A new year begins today, but old habits die hard. One year ago the Prime Minister was packing her bags for a two-week trip to India. The best clairvoyants could not have seen what lay ahead, even though 2012's mischief of the year was created in November 2011. In 2012, at the mid-year mark, the Cabinet was reshuffled. Soon after, Section 34 warranted another cabinet change, and throughout 2012 old political habits formed new bacchanals.
With last year's baggage still in tow, today's newness may only be symbolic.
Beyond 2012, Section 34 will continue to play a vital role in keeping the country vigilant and reminding MPs that accountability does not arise at election time only. Parliament's work is now televised, proceedings are reported by the media, and many documents and Hansard records are available online. Section 34 has intensified interest and scrutiny.
On the fringe of Section 34's seriousness, former minister of justice Herbert Volney and calypsonian Crazy have a Section 34 ditty. Volney would love to take credit for keeping Section 34 alive, but sensible observers know better. Section 34's prominence is in spite of Volney's "Fall Guy" aspirations, the former minister more likely a candidate for the calypso sobriquet "Stool Pigeon".
Section 34 will be felt for generations. It is difficult to miss the immediate impact, which ironically involved the PM's two new cabinet appointments out of her mid-2012 reshuffle.
On November 20, the Minister of the Environment and Water Resources Ganga Singh laid the seemingly innocuous 24-section Beverage Containers Bill in the Senate. When the Bill reappeared on November 27, there were early signs of trouble with immediate references to Section 34 by Opposition and Independent Senators. Then at one time Minister Singh had to be interrupted by Senator Elton Prescott, SC after the minister referred to the bill in its amended form without those amendments being circulated beforehand or at all.
The next sign of discomfort came after Opposition Senator Al-Rawi's references to Section 34, the lack of consultation with stakeholders, and the short time frame for prior consideration of the Bill.
Independent Senator Balgobin floated the name of a New York-based businessman who had hosted a fund raiser for the PM on her US visit in 2010. The Senator suggested possible links between that businessman, the People's Partnership election victory and the lucrative recycling business to be generated by the Beverage Containers Bill. Minister Singh, a thorn in the PNM's side towards the end of Manning's reign, sensibly got an adjournment of the debate to a date to be fixed.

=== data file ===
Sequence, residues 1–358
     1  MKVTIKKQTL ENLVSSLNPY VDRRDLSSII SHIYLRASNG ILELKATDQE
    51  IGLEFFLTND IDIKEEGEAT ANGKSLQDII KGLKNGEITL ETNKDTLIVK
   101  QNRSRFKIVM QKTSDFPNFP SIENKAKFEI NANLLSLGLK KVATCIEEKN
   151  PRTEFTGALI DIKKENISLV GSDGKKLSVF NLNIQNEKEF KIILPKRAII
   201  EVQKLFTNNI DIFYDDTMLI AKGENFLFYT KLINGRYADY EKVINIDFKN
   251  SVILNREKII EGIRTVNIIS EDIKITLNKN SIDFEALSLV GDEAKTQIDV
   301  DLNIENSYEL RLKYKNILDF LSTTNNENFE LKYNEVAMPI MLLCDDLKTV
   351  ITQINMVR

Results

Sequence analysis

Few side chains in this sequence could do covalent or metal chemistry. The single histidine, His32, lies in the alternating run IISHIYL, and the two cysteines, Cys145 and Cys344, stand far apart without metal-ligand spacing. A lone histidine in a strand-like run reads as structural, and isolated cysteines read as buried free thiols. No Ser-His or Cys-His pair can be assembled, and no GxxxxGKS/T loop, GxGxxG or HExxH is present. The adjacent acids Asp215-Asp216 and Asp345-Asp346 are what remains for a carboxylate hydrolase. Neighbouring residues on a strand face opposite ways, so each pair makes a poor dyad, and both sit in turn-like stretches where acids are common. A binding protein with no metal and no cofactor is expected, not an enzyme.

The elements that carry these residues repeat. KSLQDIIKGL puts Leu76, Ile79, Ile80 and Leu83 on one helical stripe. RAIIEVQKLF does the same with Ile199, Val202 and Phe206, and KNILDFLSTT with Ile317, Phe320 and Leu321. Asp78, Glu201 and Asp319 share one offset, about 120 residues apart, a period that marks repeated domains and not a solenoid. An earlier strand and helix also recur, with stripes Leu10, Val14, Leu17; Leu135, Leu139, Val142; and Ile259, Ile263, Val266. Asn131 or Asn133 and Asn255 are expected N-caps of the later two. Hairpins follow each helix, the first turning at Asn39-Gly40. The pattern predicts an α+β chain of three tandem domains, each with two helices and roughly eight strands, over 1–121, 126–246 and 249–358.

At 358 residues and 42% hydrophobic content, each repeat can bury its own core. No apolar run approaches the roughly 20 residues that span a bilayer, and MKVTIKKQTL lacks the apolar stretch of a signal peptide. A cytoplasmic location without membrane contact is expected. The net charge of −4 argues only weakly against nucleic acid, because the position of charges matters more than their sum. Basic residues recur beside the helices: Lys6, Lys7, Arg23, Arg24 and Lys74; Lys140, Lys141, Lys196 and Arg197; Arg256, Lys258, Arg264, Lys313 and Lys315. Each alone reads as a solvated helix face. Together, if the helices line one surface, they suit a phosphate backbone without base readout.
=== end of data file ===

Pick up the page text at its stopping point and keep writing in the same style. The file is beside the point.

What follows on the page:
Even before the Section 34 troubles with the Beverage Containers Bill, Minister Singh's less experienced Senate colleague, Minister of Finance Larry Howai took pre-emptive action by rerouting the Securities Bill through a Joint Select Committee (JSC). Nine days before the lengthy and complex Bill had been laid in the House with a demand to have it enacted into law before the end of 2012.
Minister Howai was obviously forewarned that, after Section 34, this bill would not enjoy Opposition and Independent support, given the short time frame for reading, lack of consultation, and the Government's desire for a quick rubberstamp. The weight and significance of this piece of legislation, over a decade in the making, and coming after the unforgettable global events of 2007 and 2009, and the local collapse of CL Financial and the Hindu Credit Union (HCU), was not reflected in the meagre allocation of time, resources, and regard by the Government.
The Securities Bill ultimately secured valuable Opposition support but the abstention from the final vote by all but one Independent Senators should be more significant than the successful passage of the Bill, which now awaits His Excellency's proclamation. As Independent Senator Helen Drayton said in her contribution before the final Senate vote, "the manner in which this Bill has been tabled, it certainly is not in the interest of the public. It is more than tardy. It is very unprofessional and it is not in keeping with the principles of governance that the Government continues to espouse".
Perhaps the writer of the Crazy/Volney Section 34 ditty would consider putting two verses into reserve in which Volney could lyrically explain something I noted in a previous article (Section 34 sinkholes, September 24, 2012). At the beginning of Volney's contribution in the Senate at 11 a.m. on November 29, 2011, MP Volney spoke of a revised Section 34, without discussing its origin or the public policy considerations behind it. For the next 12 hours to midnight, no Senator referred to a revised form of Section 34. In fact, just around 4 p.m., when Senator Prescott spoke, the Senior Counsel quoted Section 34 in the form it left the House and arrived in the Senate for the first reading. And with both the AG, and Volney closely following Senior Counsel's contribution, neither rose to point out to Senior Counsel that he was quoting Section 34 in the old form.
Why didn't they outline the impact of the Government's revision to Section 34?
In 2013, Section 34 is not merely an academic issue. The difference of opinions amongst Senior Counsel highlights the fluid nature of both politics and facts. Legal opinion can only perform when the facts are ascertained, a matter unlikely to happen voluntarily in politics. What we do know about Section 34 is that the ill-fated section and the events spawned by it will have political consequences.
Hours ago we led 2013 in with Robert Burns' "Auld Lang Syne'', more out of habit than conscious celebration of newness. Our toasts are burdened by the weight of the not so old. If there's any newness in 2013, it will ride on optimism or denial, either of which will have a tough task of ignoring 2012's deeply embedded shrapnel wrought by Section 34 and smaller but pervasive skirmishes.
• Clarence Rambharat is a lawyer and university lecturer